The Watzmann, overlooking the town of Berchtesgaden
|Elevation||2,713 m (8,901 ft)|
|Prominence||953 m (3,127 ft)|
|Isolation||15.9 kilometres (9.9 mi)|
|Parent range||Bavarian Alps|
|First ascent||1799 or 1800 by Valentin Stanič|
The Watzmann (Austro-Bavarian : Watzmo) is a mountain in the Bavarian Alps south of the village of Berchtesgaden. It is the third highest in Germany, and the highest located entirely on German territory.
Bavarian Alps is a summarizing term of several mountain ranges of the Northern Limestone Alps in the German state of Bavaria.
Berchtesgaden is a municipality in the Bavarian Alps of southeastern Germany. It is located in the south district of Berchtesgadener Land in Bavaria, near the border with Austria, some 30 km (19 mi) south of Salzburg and 180 km (110 mi) southeast of Munich. To the south of the city, Berchtesgaden National Park stretches along three parallel valleys.
Three main peaks array on a N-S axis along a ridge on the mountain's taller western half: Hocheck (2,651 m), Mittelspitze (Middle Peak, 2,713 m) and Südspitze (South Peak, 2,712 m).
The Watzmann massif also includes the 2,307 m Watzmannfrau (Watzmann Wife, also known as Kleiner Watzmann or Small Watzmann), and the Watzmannkinder (Watzmann Children), five lower peaks in the recess between the main peaks and the Watzmannfrau.
The entire massif lies inside Berchtesgaden National Park.
Berchtesgaden National Park is in the south of Germany, on its border with Austria, in the municipalities of Ramsau bei Berchtesgaden and Schönau am Königsee, Berchtesgadener Land, Free State of Bavaria. The national park was established in 1978 to protect the landscapes of the Berchtesgaden Alps. Headquartered in the town of Berchtesgaden, the park was designated a UNESCO Biosphere Reserve in 1990.
The Watzmann Glacier is located below the famous east face of the Watzmann in the Watzmann cirque and is surrounded by the Watzmanngrat arête, the Watzmannkindern and the Kleiner Watzmann.
The Watzmann Glacier is one of the five recognised glaciers in Germany. It is located below the famous east face of the Watzmann in the Watzmann cirque and is surrounded by the Watzmanngrat arête, the Watzmannkindern and the Kleiner Watzmann.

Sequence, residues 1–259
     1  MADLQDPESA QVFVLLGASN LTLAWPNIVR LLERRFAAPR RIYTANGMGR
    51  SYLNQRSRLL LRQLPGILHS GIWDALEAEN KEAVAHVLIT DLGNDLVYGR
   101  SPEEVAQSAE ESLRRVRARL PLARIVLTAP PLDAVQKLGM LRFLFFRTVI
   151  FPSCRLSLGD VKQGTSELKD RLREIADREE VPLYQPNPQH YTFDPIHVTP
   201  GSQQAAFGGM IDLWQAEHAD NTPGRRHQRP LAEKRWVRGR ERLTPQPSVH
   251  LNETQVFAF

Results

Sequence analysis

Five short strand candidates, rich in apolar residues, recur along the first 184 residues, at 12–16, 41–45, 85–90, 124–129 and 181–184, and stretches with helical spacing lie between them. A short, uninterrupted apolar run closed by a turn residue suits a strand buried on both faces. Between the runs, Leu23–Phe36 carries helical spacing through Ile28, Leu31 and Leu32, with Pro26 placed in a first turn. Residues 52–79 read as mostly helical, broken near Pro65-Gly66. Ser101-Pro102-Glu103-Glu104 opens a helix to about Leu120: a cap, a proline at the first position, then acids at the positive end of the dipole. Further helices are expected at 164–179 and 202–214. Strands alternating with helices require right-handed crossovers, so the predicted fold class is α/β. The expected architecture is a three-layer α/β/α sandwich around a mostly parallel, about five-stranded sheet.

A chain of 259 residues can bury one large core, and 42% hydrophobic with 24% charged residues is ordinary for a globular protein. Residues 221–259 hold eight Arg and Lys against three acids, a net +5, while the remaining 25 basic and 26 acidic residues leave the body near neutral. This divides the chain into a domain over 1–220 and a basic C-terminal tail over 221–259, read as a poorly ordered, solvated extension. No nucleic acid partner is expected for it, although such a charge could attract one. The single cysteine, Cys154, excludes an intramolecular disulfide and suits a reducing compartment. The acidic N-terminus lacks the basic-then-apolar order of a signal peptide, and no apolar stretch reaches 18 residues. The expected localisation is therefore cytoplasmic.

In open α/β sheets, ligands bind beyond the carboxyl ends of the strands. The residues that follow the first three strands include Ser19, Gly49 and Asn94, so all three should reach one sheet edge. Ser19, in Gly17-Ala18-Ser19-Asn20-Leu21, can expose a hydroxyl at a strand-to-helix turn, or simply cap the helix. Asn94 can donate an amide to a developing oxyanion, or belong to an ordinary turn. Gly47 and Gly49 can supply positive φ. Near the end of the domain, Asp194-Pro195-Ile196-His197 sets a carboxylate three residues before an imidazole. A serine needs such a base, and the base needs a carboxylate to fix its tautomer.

A cirque is an amphitheatre-like valley formed by glacial erosion. Alternative names for this landform are corrie and cwm. A cirque may also be a similarly shaped landform arising from fluvial erosion.
An arête is a narrow ridge of rock which separates two valleys. It is typically formed when two glaciers erode parallel U-shaped valleys. Arêtes can also form when two glacial cirques erode headwards towards one another, although frequently this results in a saddle-shaped pass, called a col. The edge is then sharpened by freeze-thaw weathering, and the slope on either side of the arete steepened through mass wasting events and the erosion of exposed, unstable rock. The word ‘arête’ is actually French for edge or ridge; similar features in the Alps are described with the German equivalent term Grat.
The size of the glacier reduced from around 30 hectares (74 acres) in 1820 until it split into a few fields of firn, but between 1965 and 1980 it advanced significantly again and now has an area of 10.1 hectares (25 acres).
Firn is partially compacted névé, a type of snow that has been left over from past seasons and has been recrystallized into a substance denser than névé. It is ice that is at an intermediate stage between snow and glacial ice. Firn has the appearance of wet sugar, but has a hardness that makes it extremely resistant to shovelling. Its density generally ranges from 0.4 g/cm³ to 0.83 g/cm³, and it can often be found underneath the snow that accumulates at the head of a glacier.
Above and to the west of the icefield lie the remains of a JU 52 transport-bomber that crashed in October 1940.
Amongst the other permanent snow and icefields the Eiskapelle ("Ice Chapel") is the best known due to its easy accessibility from St. Bartholomä. The Eiskapelle may well be the lowest lying permanent snowfield in the Alps. Its lower end is only 930 metres high in the upper Eisbach valley and is about an hour's walk from St. Bartholomä on the Königssee. The Eiskapelle is fed by mighty avalanches that slide down from the east face of the Watzmann in spring and accumulate in the angle of the rock face. Sometimes a gate-shaped vault forms in the ice at the point where the Eisbach emerges from the Eiskapelle. Before entering there is an urgent warning sign that others have been killed by falling ice.
The Königssee is a natural lake in the extreme southeast Berchtesgadener Land district of the German state of Bavaria, near the Austrian border. Most of the lake is within the Berchtesgaden National Park.
An avalanche is an event that occurs when a cohesive slab of snow lying upon a weaker layer of snow fractures and slides down a steep slope. Avalanches are typically triggered in a starting zone from a mechanical failure in the snowpack when the forces of the snow exceed its strength but sometimes only with gradual widening. After initiation, avalanches usually accelerate rapidly and grow in mass and volume as they entrain more snow. If the avalanche moves fast enough, some of the snow may mix with the air forming a powder snow avalanche, which is a type of gravity current.
In the east face itself is another icefield in the so-called Schöllhorn cirque, called the Schöllhorneis, which is crossed by the Kederbach Way (Kederbacher-Weg). The cirque and icefield are named after the Munich citizen, Christian Schöllhorn, who was the first victim on the east face. On 26 May 1890 he fell at the upper end of the icefield into the randkluft and was fatally injured. Another small nameless snowfield is located several hundred metres below the Mittelspitze also in the east face.